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Stem Cells Dev. 2012 Oct 10;21(15):2838-51. doi: 10.1089/scd.2011.0593. Epub 2012 Jun 27.

Zfhx1b induces a definitive neural stem cell fate in mouse embryonic stem cells.

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Department of Cell and Systems Biology, University of Toronto, Toronto, Canada .


Inducing a stable and predictable program of neural cell fate in pluripotent cells in vitro is an important goal for utilizing these cells for modeling human disease mechanisms. However, the extent to which in vitro neural specification recapitulates in vivo neural specification remains to be fully established. We previously demonstrated that in the mouse embryo, activation of fibroblast growth factor (FGF) signalling promotes definitive neural stem cell (NSC) development through the upregulation of the transcription factor Zfhx1b. Here, we asked whether Zfhx1b is similarly required during neural lineage development of embryonic stem (ES) cells. Zfhx1b gene expression is rapidly upregulated in mouse ES cells cultured in a permissive neural-inducing environment, compared to ES cells in a standard pluripotency maintenance environment, and is potentiated by FGF signalling. However, overexpression of Zfhx1b in ES cells in maintenance conditions, containing serum and leukemia inhibitory factor (LIF), is sufficient to induce Sox1 expression, a marker found in neural precursors and to promote definitive NSC colony formation. Knockdown of Zfhx1b in ES cells using siRNA did not affect the initial transition of ES cells to a neural cell fate, but did diminish the ability of these neural cells to develop further into definitive NSCs. Thus, our findings using ES cells are congruent with evidence from mouse embryos and support a model, whereby intercellular FGF signaling induces Zfhx1b, which promotes the development of definitive NSCs subsequent to an initial neural specification event that is independent of this pathway.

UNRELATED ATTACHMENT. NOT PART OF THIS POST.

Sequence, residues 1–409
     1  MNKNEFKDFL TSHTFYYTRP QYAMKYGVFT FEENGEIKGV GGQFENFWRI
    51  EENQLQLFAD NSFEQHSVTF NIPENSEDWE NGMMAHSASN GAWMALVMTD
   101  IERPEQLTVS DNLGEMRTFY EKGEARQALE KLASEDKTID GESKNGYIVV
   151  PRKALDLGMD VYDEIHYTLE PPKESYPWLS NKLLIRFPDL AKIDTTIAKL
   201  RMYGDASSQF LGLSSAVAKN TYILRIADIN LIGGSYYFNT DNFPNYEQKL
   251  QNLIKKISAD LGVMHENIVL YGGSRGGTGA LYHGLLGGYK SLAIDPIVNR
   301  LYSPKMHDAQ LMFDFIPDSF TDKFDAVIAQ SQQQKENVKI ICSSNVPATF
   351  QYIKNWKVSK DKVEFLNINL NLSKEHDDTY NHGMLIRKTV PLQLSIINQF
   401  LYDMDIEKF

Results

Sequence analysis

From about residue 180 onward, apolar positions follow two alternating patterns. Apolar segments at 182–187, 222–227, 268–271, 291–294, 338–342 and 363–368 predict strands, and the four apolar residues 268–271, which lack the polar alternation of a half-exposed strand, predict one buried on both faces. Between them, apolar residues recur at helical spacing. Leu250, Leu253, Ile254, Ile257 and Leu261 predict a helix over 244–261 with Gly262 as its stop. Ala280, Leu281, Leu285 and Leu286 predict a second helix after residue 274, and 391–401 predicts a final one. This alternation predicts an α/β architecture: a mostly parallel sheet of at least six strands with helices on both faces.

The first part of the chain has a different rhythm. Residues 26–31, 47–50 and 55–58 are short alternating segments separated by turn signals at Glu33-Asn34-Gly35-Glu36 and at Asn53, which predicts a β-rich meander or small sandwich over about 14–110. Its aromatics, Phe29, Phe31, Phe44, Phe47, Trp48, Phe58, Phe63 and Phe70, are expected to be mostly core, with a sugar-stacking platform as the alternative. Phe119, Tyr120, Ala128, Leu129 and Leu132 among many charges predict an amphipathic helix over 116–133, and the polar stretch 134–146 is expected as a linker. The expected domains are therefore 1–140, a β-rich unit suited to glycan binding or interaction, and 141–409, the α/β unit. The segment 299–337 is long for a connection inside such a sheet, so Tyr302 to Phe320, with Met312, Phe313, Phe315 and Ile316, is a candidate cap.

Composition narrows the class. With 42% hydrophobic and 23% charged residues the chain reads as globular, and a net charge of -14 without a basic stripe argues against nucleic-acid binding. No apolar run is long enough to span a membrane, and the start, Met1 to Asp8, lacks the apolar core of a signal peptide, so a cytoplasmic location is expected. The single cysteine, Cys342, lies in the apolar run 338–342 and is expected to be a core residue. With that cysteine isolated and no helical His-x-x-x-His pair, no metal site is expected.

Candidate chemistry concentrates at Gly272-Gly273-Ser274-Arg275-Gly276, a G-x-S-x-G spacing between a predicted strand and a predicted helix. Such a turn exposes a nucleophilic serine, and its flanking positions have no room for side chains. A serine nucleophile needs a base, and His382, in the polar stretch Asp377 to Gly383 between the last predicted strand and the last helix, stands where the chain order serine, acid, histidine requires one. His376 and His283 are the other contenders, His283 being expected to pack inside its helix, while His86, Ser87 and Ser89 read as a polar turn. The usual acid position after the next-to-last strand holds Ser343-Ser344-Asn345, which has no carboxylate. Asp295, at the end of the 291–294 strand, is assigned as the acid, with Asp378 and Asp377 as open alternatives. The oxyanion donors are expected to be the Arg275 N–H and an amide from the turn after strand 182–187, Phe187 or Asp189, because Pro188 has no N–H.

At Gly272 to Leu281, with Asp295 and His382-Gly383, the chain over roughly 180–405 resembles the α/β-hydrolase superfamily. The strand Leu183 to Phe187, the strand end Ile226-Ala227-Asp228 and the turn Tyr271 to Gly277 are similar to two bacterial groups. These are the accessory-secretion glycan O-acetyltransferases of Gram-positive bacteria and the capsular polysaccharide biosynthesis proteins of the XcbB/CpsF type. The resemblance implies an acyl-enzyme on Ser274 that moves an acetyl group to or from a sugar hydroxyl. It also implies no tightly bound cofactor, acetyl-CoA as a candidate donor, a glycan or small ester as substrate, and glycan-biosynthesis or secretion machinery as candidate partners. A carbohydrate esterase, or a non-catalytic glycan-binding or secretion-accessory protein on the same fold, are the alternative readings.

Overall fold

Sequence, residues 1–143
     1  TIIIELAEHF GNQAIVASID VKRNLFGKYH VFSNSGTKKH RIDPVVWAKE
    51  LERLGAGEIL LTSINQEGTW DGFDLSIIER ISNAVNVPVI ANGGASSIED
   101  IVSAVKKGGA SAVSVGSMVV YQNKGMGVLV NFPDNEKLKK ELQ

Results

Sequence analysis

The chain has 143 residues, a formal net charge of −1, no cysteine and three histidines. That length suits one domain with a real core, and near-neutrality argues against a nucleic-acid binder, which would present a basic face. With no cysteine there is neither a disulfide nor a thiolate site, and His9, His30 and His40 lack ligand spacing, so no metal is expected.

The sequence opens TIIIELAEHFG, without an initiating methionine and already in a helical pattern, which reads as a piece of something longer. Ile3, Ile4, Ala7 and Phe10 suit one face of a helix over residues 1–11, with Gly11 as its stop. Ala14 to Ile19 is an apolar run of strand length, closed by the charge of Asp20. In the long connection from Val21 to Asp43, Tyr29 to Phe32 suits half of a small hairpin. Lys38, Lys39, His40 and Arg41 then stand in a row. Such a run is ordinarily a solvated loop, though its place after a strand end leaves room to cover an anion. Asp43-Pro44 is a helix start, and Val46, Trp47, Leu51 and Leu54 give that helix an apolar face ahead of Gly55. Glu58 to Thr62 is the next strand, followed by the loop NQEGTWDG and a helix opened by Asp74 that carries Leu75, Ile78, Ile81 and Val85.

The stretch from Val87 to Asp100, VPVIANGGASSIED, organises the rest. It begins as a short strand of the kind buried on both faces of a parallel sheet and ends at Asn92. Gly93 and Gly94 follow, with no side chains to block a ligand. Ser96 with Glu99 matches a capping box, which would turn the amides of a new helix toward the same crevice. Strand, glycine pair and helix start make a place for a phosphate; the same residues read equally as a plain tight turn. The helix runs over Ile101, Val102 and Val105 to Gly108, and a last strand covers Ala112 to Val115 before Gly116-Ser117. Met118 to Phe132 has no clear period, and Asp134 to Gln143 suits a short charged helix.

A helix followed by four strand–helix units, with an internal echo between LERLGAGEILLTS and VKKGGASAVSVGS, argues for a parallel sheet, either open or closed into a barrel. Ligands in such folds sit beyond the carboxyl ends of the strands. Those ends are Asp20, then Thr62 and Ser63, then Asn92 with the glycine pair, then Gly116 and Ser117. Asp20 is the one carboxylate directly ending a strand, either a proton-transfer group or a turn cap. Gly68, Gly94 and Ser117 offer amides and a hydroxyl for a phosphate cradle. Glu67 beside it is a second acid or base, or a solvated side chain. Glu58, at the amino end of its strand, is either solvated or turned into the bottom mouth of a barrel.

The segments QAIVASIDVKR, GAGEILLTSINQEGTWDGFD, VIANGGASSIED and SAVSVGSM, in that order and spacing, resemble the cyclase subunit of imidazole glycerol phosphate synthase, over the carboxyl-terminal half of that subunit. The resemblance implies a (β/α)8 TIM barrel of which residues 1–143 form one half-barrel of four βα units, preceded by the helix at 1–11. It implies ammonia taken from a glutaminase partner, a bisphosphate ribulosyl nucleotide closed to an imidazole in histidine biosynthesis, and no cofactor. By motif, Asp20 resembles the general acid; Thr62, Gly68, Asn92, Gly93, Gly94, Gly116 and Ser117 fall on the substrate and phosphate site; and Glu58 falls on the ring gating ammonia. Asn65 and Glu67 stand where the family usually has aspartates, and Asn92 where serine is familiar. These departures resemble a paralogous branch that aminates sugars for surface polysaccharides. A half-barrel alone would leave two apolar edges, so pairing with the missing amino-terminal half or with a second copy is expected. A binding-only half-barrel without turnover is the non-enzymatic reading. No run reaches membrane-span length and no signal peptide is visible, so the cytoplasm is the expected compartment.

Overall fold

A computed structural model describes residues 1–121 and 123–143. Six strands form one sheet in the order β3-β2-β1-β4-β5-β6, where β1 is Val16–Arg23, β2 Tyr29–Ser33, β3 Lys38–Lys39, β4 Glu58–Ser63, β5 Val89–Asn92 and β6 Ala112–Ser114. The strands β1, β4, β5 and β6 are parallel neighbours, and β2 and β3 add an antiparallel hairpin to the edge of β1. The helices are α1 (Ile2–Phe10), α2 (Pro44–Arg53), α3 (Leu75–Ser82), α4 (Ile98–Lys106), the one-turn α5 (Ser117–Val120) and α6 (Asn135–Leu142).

[Indexed for MEDLINE]

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